Salzburg Global Pays Tribute to Mikio Kato

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Aug 26, 2020
by Salzburg Global Seminar
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Salzburg Global Pays Tribute to Mikio Kato

Friend, Senior Fellow, and former Board Member passed away on July 24, 2020 In Memoriam - Mikio Kato

Salzburg Global Seminar pays tribute to Senior Fellow and former Board Member Mikio Kato who died last month.

Mr. Kato died at age 84 after working for more than half a century at the International House of Japan (I-House). He helped shape an institution renowned for connecting Japan to global issues and ideas, and for promoting the peaceful rise of Japan as a leading nation after the Second World War. 

He joined the organization in 1959 after earning a bachelor’s degree from Waseda University’s Department of Political Science and Economics. He served in the program department before pursuing graduate studies in 1961 as a Fulbright exchange student at Brandeis University, USA.

During his time in the U.S., Kato received on-the-job training at the Japan Society of America in New York City. In 1964, he returned to his former post at the International House of Japan and continued to develop and hone his skills. In 1972, Mr. Kato received an honorary degree of Doctor of Letters from Wittenberg University (Ohio, USA), and in 1993, the Foreign Minister’s Distinguished Service Award for International Understanding (Japan). By this point, he had served as the I-House’s executive director and a trustee for nearly 15 years.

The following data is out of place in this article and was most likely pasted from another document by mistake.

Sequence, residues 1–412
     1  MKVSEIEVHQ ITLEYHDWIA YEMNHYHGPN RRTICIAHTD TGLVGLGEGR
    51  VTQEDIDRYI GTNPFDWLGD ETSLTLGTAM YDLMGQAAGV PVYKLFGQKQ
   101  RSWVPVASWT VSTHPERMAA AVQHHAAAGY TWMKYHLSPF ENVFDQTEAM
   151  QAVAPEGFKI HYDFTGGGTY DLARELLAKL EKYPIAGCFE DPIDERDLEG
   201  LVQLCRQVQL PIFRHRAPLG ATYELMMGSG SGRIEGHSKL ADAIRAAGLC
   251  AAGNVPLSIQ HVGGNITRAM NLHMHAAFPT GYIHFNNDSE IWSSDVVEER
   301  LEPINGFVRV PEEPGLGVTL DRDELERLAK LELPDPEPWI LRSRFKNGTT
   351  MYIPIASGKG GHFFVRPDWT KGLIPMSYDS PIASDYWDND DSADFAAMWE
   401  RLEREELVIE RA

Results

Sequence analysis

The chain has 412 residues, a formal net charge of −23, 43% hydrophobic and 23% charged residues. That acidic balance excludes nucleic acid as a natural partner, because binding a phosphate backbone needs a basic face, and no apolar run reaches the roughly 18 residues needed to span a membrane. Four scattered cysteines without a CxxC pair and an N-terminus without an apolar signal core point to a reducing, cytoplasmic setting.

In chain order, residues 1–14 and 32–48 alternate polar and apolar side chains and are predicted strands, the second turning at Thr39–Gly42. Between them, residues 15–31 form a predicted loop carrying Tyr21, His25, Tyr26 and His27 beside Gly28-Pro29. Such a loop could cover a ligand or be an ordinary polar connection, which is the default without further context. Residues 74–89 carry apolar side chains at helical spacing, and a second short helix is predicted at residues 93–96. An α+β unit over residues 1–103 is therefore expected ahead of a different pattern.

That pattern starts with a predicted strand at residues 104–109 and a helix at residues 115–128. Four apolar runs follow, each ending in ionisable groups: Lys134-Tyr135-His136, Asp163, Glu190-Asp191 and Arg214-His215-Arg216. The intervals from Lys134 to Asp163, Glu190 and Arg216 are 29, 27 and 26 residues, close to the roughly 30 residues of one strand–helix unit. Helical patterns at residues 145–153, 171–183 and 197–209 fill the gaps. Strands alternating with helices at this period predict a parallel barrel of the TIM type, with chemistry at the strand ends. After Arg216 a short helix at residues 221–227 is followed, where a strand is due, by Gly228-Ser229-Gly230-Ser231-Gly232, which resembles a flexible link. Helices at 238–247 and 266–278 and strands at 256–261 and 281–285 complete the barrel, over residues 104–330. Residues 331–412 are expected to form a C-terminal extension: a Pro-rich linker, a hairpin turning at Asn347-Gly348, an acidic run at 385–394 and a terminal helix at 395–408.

Salzburg Seminar was delighted to welcome Mr. Kato to its Board of Directors in July 1996 and benefitted from his skills and experience in shaping programs and nominating faculty and fellows to attend Salzburg Seminar programs. He was elected to a second four-year term in 2002. During his second board term, Mr. Kato received the Japan Foundation Special Prize for his “impressive achievement” and contributions “to cultural exchange and mutual understanding between Japan and other countries.”

Mr. Kato worked closely as a friend and an official advisor to several non-profit institutions in Asia, Europe, and the United States. In addition to the Salzburg Seminar, he was a special advisor and executive director of the Aspen Institute Japan, plus a councilor and director of the English Language Education Council. He was a primary force behind the Salzburg Seminar’s initiatives in Asia.

In 2012, he authored a book titled, “The First Fifty-five Years of the International House of Japan: Genesis, Evolution, Challenges, and Renewal.” More recently, he published a book called “The Rockefellers and Japan.”

Stephen Salyer, president and chief executive officer of Salzburg Global Seminar, first met Mr. Kato in 1996 when he was working in American public broadcasting and visited Tokyo as a Japan Society US-Japan Leadership Fellow and stayed with his family at I-House. “Kato-san welcomed my family to Japan and to the rich programs offered at I-House," said Salyer. "More than any other individual, he built I-House into an institution respected in Japan and across the world.”

Through his two terms on Salzburg Seminar’s Board, Kato encouraged ties that endure to the present day. Salyer recalls fondly many years of cooperation between I-House and Salzburg Global Seminar. “When we joined with The Nippon Foundation in 2013 to celebrate 25 years of program cooperation, it was I-House we chose for our commemorative program. We owe a great debt of gratitude to Kato-san for laying the foundation for our strong, continuing relationship with Japanese people and institutions."